Far-right Freedom Party enters Austrian govt as anti-migrant sentiment creeps across Europe
The agreement between the People’s Party and the Freedom Party, which is returning to government after more than a decade's absence, was struck on Friday, the two parties’ leaders, Sebastian Kurz and Heinz-Christian Strache, announced in a joint news conference.
Strache, who once advocated a law similar to the ban on Nazi practices to be introduced against “political Islam,” spoke about “mutual appreciation” with Kurz, adding that they share “the responsibility for our homeland Austria and for the people in this country.”
The details of the coalition agreement will not be revealed before centrist Austrian President Alexander van der Bellen is briefed on the outcome of the talks, although Kurz has already outlined some points vital to both parties that would shape future government’s agenda. Among them is a further tightening of screws over migration.
“We want to reduce the burden on taxpayers ... and above all we want to ensure greater security in our country, including through the fight against illegal immigration,” Kurz said.
A source with knowledge of the negotiations told Reuters that the Freedom Party is seeking at least three key ministerial jobs: Interior, Foreign and Defense.
While the Austrian far-right party under its current chairman has never called for leaving the EU, Kurz reportedly worked to ensure that his coalition partner would never seek an Austrian version of Brexit.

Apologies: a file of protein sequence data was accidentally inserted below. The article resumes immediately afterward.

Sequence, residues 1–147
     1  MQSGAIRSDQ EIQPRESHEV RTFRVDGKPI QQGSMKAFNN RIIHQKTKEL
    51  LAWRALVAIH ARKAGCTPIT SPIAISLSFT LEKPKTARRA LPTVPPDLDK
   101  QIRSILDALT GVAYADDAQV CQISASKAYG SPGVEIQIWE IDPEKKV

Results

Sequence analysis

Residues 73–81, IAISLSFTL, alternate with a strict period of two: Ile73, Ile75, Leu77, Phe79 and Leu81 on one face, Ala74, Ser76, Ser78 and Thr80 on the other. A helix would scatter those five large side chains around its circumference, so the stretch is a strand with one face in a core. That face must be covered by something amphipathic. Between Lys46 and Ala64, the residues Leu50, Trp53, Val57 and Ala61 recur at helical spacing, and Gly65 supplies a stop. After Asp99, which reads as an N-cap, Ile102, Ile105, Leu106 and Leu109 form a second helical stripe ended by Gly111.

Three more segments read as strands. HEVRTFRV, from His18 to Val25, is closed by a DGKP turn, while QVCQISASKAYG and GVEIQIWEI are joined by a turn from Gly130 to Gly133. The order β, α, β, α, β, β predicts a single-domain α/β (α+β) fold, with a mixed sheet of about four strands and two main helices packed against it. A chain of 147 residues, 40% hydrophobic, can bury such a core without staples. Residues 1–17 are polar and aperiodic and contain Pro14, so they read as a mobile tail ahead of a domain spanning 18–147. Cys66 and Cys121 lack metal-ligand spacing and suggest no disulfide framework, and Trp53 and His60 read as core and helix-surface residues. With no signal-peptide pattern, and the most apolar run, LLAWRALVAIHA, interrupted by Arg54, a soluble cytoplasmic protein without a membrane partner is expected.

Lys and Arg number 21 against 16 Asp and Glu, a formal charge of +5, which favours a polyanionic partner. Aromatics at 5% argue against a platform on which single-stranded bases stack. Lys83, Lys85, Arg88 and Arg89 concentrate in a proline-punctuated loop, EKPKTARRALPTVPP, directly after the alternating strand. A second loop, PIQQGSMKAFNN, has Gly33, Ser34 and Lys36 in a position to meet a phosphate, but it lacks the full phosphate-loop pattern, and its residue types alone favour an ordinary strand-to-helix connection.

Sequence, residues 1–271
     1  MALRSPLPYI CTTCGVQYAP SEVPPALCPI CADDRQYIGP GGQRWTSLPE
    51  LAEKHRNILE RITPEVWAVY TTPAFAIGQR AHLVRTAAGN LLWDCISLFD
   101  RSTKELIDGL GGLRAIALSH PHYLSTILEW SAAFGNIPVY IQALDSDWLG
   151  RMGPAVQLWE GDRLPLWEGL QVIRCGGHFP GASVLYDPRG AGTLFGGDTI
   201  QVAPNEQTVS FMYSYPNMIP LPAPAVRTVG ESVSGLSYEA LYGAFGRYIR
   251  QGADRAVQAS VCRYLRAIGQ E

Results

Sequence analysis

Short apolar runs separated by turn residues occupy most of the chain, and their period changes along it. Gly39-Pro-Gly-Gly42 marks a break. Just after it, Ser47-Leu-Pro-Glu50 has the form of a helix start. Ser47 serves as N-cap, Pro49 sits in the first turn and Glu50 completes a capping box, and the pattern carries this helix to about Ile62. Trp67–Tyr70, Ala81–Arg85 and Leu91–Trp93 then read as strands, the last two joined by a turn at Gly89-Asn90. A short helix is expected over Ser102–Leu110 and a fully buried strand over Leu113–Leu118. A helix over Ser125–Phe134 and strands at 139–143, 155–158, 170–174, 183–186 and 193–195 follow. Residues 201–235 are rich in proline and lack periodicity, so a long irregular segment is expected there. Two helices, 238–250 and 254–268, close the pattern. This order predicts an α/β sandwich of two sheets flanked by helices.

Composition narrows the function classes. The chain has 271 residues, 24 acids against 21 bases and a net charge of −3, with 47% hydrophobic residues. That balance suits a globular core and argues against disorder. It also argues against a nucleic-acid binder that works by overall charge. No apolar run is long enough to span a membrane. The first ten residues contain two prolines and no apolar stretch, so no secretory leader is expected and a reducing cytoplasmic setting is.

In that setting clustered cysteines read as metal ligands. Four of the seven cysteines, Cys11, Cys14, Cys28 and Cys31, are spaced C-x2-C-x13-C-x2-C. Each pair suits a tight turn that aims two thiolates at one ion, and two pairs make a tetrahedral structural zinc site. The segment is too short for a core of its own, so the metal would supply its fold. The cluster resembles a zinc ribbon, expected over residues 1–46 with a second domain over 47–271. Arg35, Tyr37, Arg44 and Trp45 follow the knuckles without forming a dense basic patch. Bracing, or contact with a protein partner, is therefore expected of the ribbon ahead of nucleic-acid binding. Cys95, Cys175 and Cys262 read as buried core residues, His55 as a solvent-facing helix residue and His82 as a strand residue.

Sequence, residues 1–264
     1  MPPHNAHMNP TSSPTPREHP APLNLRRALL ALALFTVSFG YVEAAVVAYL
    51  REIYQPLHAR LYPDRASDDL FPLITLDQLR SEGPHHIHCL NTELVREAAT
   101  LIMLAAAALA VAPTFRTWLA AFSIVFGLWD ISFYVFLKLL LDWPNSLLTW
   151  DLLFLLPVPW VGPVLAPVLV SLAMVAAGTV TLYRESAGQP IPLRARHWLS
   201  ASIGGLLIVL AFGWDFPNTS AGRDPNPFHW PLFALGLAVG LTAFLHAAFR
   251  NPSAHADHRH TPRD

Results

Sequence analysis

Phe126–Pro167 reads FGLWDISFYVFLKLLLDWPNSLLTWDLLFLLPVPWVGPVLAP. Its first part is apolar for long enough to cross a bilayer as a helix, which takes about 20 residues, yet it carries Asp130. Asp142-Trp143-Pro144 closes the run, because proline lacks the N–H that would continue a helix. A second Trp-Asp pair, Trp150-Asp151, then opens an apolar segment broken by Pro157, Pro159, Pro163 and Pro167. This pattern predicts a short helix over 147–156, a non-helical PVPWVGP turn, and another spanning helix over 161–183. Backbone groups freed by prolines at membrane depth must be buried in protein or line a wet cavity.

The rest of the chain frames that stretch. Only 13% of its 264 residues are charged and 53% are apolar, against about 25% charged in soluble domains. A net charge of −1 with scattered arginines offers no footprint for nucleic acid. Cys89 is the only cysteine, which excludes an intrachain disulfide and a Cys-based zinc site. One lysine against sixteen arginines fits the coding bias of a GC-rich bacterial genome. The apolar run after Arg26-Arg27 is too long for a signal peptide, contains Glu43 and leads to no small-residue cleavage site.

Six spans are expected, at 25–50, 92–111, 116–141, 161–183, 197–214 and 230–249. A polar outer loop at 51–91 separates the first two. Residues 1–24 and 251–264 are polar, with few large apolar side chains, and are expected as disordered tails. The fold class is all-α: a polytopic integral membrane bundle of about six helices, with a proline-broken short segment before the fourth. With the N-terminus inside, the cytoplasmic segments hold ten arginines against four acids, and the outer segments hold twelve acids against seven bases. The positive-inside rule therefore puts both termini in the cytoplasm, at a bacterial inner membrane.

The Freedom Party finished third in October’s parliamentary elections, receiving 26 percent of the vote, less than one percentage point behind the second placed Social Democrats. Kurz’s People’s Party comfortably finished first in the elections with 31.5 percent.
The success of the far-right Freedom Party, which gained 7 percentage points on the previous elections, come as it emphasizes a hardline anti-immigrant stance after Austria was overwhelmed by a wave of refugees fleeing war and persecution. Since 2015, the Alpine country took in some 150,000 asylum seekers, which accounts for over 1 percent of its population, one of the largest shares per capita alongside Sweden.
The signs of the growing popularity of the far-right was evident in December last year, when Freedom Party candidate Norbert Hofer’s bid to become modern Austria's first far-right president was only narrowly defeated in a neck-and-neck contest with centrist Van der Bellen.
With Austria set to form a right-wing government, institutionalized opposition to “open door” policies on migrants is no longer restricted to the EU's eastern reaches. Poland, Hungary, the Czech Republic and Slovakia, with their right-wing conservative governments, remain staunchly opposed to the EU relocation scheme and refuse to take in a single refugee.